On December 13, 2016, incoming White House Chief of Staff Reince Priebus refused to take the position that the Trump administration will keep Russia sanctions in place, suggesting that the public take a “wait and see” approach.6 Around the same time as Mr. Priebus’s statement, Mr. Trump’s transition team announced his plans to nominate ExxonMobil CEO Rex Tillerson to serve as the next secretary of state. Mr. Tillerson is perceived to have close financial ties to Russia and was awarded its “Order of Friendship” by President Putin in 2013. He has also spoken out against using sanctions as a policy tool.7 These initial signals of possible change raise questions about whether the United States would, under a President Trump, reverse course by recognizing the legitimacy of Russia’s control of the Crimea region and removing the related sanctions.

The Current Sanctions against Russia

Since July 2014, the United States has imposed a series of sanctions on Russia as a result of Russian aggression against Ukraine. These sanctions primarily target the country’s financial services sector, energy sector (e.g., certain energy firms and certain deepwater-, Arctic offshore- and shale-related crude oil projects), and defense sector.8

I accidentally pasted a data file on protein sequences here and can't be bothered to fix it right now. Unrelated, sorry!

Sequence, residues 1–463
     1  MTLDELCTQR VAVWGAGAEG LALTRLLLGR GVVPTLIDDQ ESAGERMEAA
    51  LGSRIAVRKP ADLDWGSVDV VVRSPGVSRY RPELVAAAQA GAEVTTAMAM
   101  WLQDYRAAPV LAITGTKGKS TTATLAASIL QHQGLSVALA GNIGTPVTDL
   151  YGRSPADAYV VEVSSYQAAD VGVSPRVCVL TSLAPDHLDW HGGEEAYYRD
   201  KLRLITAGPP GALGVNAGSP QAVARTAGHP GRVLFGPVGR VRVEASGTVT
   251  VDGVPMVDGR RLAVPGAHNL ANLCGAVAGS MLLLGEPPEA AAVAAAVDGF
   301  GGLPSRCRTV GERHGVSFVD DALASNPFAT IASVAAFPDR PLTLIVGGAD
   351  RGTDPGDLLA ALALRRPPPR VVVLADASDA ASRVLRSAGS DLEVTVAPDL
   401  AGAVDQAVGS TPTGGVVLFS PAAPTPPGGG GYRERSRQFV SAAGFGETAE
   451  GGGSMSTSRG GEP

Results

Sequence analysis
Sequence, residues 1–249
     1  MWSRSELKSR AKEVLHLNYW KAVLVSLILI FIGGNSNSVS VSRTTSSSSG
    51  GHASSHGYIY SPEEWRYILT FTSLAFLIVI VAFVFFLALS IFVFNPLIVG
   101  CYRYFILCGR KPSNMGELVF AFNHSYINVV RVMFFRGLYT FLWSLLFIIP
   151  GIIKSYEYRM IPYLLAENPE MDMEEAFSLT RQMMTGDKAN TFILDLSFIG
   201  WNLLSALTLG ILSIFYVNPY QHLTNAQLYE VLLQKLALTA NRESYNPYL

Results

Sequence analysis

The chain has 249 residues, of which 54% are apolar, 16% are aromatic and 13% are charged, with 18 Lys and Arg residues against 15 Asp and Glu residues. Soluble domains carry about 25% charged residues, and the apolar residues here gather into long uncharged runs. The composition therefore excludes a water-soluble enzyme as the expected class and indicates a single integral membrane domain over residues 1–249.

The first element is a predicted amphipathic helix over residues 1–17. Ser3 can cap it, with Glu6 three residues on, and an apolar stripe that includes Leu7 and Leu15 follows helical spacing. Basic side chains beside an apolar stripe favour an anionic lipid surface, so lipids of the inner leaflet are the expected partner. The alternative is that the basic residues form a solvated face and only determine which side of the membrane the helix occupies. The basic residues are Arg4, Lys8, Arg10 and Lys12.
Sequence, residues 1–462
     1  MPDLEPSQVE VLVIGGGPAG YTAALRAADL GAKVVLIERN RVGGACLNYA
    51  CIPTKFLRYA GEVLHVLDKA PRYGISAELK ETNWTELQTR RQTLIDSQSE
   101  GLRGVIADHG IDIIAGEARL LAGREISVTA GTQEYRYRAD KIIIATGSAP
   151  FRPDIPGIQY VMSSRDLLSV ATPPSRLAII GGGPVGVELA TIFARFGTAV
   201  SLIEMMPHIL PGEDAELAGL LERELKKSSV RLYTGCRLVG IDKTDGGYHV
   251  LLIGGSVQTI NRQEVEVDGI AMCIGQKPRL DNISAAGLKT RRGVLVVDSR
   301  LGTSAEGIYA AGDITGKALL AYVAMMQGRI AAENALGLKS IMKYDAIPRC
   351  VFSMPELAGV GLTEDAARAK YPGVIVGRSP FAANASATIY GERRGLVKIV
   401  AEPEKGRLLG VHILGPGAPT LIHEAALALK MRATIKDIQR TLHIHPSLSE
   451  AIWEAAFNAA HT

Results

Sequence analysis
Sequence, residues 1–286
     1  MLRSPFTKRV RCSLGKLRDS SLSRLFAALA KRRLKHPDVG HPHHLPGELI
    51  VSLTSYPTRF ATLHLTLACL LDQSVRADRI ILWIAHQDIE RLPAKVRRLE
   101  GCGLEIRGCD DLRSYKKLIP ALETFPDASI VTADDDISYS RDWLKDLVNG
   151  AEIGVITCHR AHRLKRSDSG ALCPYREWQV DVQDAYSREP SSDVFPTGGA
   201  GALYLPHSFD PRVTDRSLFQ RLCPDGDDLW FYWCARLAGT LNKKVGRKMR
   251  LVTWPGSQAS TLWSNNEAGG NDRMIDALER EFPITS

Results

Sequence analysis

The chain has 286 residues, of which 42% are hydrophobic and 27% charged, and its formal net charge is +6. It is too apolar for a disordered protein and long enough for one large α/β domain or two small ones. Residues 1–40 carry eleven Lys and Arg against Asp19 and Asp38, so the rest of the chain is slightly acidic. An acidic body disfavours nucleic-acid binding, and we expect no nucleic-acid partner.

In many respects, Russia sanctions have narrower applications than other sanctions programs maintained by the United States. For example, many individuals and entities designated under the Russia sanctions are listed as Sectoral Sanctions Identifications (“SSIs”). Unlike dealings with Specially Designated Nationals (“SDNs”), from which US individuals and entities are broadly barred, dealings with SSIs are generally permitted with the exception of a few specified types of transactions. By contrast, the Crimea region of Ukraine, now under Russian control, is subject to comprehensive economic sanctions imposed by the United States.9 US persons are generally prohibited from having any business dealings related to the region.